Herbert H. Rowen

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Herbert Harvey Rowen, (born 22 October 1916 in Brooklyn, New York - died 31 March 1999 in Newtown, Bucks County, Pennsylvania), was a noted American historian of Early Modern Europe and "arguably the most important English-speaking historian of the Dutch Republic since John Lothrop Motley."[1]

Early life and education[edit]

The son of Joseph M. Rowen, a teacher, and his wife, Sarah Gordon Rowen, Herbert Rowen was educated entirely in New York City, from his first year in grade school through his doctorate. He earned his [B.S.S.] degree in 1936 at City College of New York. In 1938, he became assistant to the manager of Converters Paper Company in Newark, New Jersey and, two years later, on 28 June 1940, he married Mildred Ringel (died January 1999), with whom he later had three children. Rowen remained with Converters Paper until 1942, when he joined the U.S. Army Signal Corps and spent three years in England and France.

On his return to New York from military service in 1946, Rowen followed his growing interests in languages and took a position as an editorial research assistant with the American College Dictionary at Random House. On completing that job, he thought of going on to graduate work in French, but was advised by a former teacher to use his linguistic skills to study history. Following that advice, he entered Columbia University and completed his M.A. degree in history in 1948 with a thesis on "Annexation of the Congo by Belgium; a parliamentary study". finding this too controversial a subject to carry on to doctoral research, he shifted his area of study to Early Modern Europe and became the first of many graduate students of a new Columbia University faculty member, Garrett Mattingly. Under his tutelage, Rowen completed his doctoral dissertation on "Pomponne and De Witt (1669-1671); a study of French policy on the eve of the Dutch War" and was awarded his Ph.D. at Columbia in 1951.

Academic career[edit]

While still a graduate student in 1950, Brandeis University appointed Rowen an instructor in history. He taught there until 1953, when the University of Iowa appointed him assistant professor. After four years there, Elmira College appointed him associate professor in 1957. While attached to Elmira College, Rowen served as visaiting associate Professor at the University of California, Berkeley in 1959-60, just before the University of Wisconsin–Milwaukee appointed him a full professor in 1960. Rowen remained in Milwaukee until 1964, when Rutgers University appointed him professor of history. After having had this wide variety of teaching assignments, Rowen settled down at Rutgers for twenty-three years, remaining on the faculty there until his retirement in 1987.

Published works[edit]

  • German History: Some New German Views, edited by Hans Kohn and translated by Herbert H. Rowen. Boston: Beacon Press, 1954.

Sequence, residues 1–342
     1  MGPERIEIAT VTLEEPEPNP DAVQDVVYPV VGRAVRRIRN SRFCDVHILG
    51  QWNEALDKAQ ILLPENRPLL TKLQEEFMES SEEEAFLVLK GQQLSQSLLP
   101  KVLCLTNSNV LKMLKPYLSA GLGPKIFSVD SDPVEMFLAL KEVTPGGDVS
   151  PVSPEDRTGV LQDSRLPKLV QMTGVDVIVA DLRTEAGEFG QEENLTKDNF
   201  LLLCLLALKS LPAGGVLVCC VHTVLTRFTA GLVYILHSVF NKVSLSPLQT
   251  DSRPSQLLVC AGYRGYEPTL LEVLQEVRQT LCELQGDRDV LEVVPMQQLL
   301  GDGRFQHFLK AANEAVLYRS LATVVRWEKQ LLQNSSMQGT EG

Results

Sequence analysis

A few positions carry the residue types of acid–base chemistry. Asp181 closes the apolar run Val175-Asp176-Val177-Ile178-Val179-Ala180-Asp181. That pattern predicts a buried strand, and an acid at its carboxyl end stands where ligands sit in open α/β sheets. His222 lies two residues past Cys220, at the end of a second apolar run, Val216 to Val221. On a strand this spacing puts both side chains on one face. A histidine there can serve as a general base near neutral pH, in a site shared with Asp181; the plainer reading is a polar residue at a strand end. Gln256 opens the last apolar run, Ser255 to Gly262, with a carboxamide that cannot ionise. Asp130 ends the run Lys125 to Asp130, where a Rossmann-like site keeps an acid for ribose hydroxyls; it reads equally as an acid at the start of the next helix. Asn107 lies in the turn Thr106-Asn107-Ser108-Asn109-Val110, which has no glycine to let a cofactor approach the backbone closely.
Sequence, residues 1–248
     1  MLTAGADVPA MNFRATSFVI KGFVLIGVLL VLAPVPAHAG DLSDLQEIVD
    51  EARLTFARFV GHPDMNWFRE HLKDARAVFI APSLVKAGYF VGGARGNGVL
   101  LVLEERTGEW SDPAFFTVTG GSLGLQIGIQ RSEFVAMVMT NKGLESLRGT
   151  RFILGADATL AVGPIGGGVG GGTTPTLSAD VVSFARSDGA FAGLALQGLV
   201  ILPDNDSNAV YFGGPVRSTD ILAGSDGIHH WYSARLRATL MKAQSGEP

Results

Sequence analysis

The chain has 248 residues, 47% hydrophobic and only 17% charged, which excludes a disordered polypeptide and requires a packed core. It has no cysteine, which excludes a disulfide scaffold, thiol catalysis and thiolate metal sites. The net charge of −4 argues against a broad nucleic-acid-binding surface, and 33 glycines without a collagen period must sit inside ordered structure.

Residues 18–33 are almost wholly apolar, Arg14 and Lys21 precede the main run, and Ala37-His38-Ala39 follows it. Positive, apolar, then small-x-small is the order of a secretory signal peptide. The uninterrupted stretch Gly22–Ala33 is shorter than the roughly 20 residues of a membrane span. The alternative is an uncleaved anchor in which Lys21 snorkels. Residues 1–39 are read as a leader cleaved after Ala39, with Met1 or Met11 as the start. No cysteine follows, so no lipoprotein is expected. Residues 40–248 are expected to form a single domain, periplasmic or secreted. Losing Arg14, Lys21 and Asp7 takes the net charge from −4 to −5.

• Pomponne's "Relation de mon ambassade en Hollande" 1669-1671", edited by Herbert H. Rowen. Werken uitg. door het Historisch Genootschap (Utrecht), 4. ser., no. 2. Utrecht: Kemink & Zoon, 1955.
  • The ambassador prepares for war; the Dutch embassy of Arnauld de Pomponne, l669-l67l. The Hague, M. Nijhoff, 1957.
  • A history of early modern Europe, 1500-1815. New York: Holt, 1960
  • From absolutism to Revolution: 1648-1848, edited by Herbert H. Rowen. New York: Macmillan; London: Collier-Macmillan, Ltd., 1963.
  • Free Press Sources of Western Civilization seres. General editor: Herbert H. Rowen. 1964-1965.
  • Jacques Godechot, France and the Atlantic Revolution of the Eighteenth Century, 1770-1799, translated by Herbert H. Rowen. New York: Free Press, 1965.
  • A history of early modern Europe, 1500-1815. Indianapolis, Bobbs-Merrill, 1966.
  • The Low Countries in early modern times, edited by Herbert H. Rowen. New York: Walker, [1972].
  • Essays on America by Johan Huizinga, translated by Herbert H. Rowen. New York; Harper, 1972.
  • Early Modern Europe: A Book of Source Readings, edited by Carl J. Ekberg and Herbert H. Rowen. AMH Publishing, 1973.
  • The Dutch Republic: A Nation in the Making, by De Lamar Jensen and Herbert H. Rowen. Forum, 1976.
  • John de Witt, Grand Pensionary of Holland, 1625-1672. Princeton, N.J.: Princeton University Press, 1978.
  • The King’s State: proprietary dynasticism in early modern France. New Brunswick, N.J.: Rutgers University Press, 1980.
  • Political ideas & institutions in the Dutch Republic: papers presented at a Clark Library seminar, 27 March 1982, by Herbert H. Rowen, Andrew Lossky. Los Angeles: William Andrews Clark Memorial Library, University of California, Los Angeles, 1985.
  • John de Witt, statesman of the "true freedom" . Cambridge and New York: Cambridge University Press, 1986.
  • The Princes of Orange: the stadholders in the Dutch Republic. Cambridge and New York: Cambridge University Press, 1988.
  • The myth of the West: America as the last empire, by Jan Willem Schulte Nordholt; translated by Herbert H. Rowen. Grand Rapids, Mich.: W.B. Eerdmans Pub. Co., 1995.
  • The rhyme and reason of politics in early modern Europe: collected essays of Herbert H. Rowen, edited by Craig E. Harline. Archives internationales d’histoire des idées = International archives of the history of ideas; 132. Dordrecht and Boston: Kluwer Academic Publishers, 1992.

Sources[edit]

  • References
  1. ^ Craig Harline, "In Memoriam: Herbert H. Rowen," AHA Perspectives, November 1999.